Not so today, and not so today in Sacramento, for example. In 1959, the average file clerk just out of high school earned $36 a week in a first job after graduation working in Manhattan and commuting by subway to his or her parent's home or apartment. What's changed is the difference between the bottom and the top of the economic ladder.

The consequences of mobility

Economic inequality in spite of more mobility affect young people growing up in this generation. Climbing the ladder of income increments still is difficult today. Economic inequality and the American Dream seem to be like Mother Nature and Father Time. You can fool Mother Nature, but Father Time catches up with consequences. There's more mobility today. But the consequences of being more mobile has changed due to the inequality.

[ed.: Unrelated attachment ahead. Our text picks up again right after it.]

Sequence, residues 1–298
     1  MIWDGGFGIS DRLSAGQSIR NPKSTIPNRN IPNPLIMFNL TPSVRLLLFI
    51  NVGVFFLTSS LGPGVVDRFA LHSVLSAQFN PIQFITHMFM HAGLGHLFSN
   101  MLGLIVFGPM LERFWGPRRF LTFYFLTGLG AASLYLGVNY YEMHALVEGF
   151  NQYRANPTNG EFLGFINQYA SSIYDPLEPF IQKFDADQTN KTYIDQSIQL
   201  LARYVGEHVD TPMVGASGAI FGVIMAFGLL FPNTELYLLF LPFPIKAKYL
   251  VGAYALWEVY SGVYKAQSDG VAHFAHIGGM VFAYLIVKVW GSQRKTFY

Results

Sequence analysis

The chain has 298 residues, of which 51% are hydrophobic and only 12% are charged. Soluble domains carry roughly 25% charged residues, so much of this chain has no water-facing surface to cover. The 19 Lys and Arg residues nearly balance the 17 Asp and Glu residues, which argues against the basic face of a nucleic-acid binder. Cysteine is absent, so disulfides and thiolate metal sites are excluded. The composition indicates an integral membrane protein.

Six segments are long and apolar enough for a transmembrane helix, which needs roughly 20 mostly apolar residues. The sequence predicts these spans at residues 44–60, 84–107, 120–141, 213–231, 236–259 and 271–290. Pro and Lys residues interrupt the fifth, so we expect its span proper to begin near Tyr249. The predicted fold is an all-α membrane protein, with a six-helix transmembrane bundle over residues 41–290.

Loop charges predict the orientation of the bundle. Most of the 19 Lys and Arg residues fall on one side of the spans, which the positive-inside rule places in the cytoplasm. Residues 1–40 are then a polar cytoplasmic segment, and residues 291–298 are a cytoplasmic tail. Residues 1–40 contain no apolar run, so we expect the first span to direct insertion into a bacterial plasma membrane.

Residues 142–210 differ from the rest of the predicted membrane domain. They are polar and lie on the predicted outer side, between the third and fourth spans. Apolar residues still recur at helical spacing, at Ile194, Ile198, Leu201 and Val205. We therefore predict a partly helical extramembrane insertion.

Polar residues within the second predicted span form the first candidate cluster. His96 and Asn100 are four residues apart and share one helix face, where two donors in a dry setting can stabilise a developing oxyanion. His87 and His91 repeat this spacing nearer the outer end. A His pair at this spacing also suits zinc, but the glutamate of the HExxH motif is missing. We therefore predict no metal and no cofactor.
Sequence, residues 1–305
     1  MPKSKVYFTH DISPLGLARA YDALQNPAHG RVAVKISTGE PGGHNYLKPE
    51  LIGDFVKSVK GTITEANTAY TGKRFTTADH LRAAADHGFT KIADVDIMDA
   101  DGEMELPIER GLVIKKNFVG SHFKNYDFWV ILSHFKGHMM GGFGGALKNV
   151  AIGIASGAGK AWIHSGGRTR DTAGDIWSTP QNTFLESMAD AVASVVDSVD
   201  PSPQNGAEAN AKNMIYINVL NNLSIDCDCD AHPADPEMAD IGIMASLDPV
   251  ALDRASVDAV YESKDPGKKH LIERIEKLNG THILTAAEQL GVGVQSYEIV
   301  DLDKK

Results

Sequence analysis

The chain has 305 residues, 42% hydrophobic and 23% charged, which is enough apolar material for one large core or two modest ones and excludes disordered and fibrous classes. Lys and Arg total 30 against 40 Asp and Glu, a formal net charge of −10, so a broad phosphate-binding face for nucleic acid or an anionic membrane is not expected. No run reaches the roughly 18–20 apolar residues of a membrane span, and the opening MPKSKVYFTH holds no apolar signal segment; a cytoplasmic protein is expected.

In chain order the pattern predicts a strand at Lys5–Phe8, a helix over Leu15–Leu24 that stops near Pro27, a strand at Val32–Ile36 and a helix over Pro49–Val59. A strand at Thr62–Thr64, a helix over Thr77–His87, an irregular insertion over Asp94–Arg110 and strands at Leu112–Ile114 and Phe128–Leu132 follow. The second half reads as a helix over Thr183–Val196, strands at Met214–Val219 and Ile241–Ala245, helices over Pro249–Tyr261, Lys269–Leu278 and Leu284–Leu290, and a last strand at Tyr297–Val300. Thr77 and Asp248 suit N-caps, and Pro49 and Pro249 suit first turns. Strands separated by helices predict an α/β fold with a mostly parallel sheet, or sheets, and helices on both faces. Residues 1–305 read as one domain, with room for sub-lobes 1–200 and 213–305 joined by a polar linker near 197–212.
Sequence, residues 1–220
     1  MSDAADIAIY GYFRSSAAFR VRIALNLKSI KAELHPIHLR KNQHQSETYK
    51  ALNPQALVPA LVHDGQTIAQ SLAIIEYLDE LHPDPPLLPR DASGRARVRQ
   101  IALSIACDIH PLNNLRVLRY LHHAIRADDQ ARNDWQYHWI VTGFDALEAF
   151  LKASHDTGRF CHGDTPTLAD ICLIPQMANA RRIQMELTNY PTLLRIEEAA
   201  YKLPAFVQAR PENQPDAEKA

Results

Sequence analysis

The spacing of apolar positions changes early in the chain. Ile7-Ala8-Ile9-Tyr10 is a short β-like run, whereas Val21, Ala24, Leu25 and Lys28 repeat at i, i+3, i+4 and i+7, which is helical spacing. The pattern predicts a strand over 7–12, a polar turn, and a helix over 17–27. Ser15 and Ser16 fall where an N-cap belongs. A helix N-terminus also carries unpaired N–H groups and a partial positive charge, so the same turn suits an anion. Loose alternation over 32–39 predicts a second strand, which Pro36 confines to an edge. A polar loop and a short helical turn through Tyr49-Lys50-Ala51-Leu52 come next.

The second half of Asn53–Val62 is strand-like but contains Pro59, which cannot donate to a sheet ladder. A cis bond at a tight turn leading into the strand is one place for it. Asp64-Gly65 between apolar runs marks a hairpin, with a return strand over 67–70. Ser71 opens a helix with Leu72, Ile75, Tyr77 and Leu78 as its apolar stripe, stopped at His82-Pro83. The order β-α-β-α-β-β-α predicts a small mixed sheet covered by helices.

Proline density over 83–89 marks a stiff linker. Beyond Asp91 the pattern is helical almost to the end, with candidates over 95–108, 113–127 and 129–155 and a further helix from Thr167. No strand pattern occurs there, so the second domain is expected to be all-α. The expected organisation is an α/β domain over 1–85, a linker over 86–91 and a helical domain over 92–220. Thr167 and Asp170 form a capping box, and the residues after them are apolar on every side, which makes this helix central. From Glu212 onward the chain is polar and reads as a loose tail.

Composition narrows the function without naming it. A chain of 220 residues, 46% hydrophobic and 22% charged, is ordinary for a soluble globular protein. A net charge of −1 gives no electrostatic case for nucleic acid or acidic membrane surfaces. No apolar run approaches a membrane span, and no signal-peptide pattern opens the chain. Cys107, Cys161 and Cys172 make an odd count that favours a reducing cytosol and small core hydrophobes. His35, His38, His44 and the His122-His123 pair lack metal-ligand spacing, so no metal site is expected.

Maybe Highway 66 is just a historic memory to reminisce about when people moved to California in the 1960s before the price of homes skyrocketed from $25,000 for a La Jolla home near the beach to close to a million and up with an ocean view. Check out the site, Interactive: How does your county stack up?

It's the inequality that puts a glass ceiling on people born near the bottom in this generation

If you're born into a poor or homeless family today, you're more likely to stay in poverty when you have children and grandchildren unless you remain single and don't have children, instead finding ways to educate yourself in some skill that's in high demand now with the outlook of remaining in high demand for the future of your work life. But one problem is that people tend to get married or reproduce at a young age before they've learned a skill and earned an income in a field that's in high demand where the pay rises to at least a middle-class range.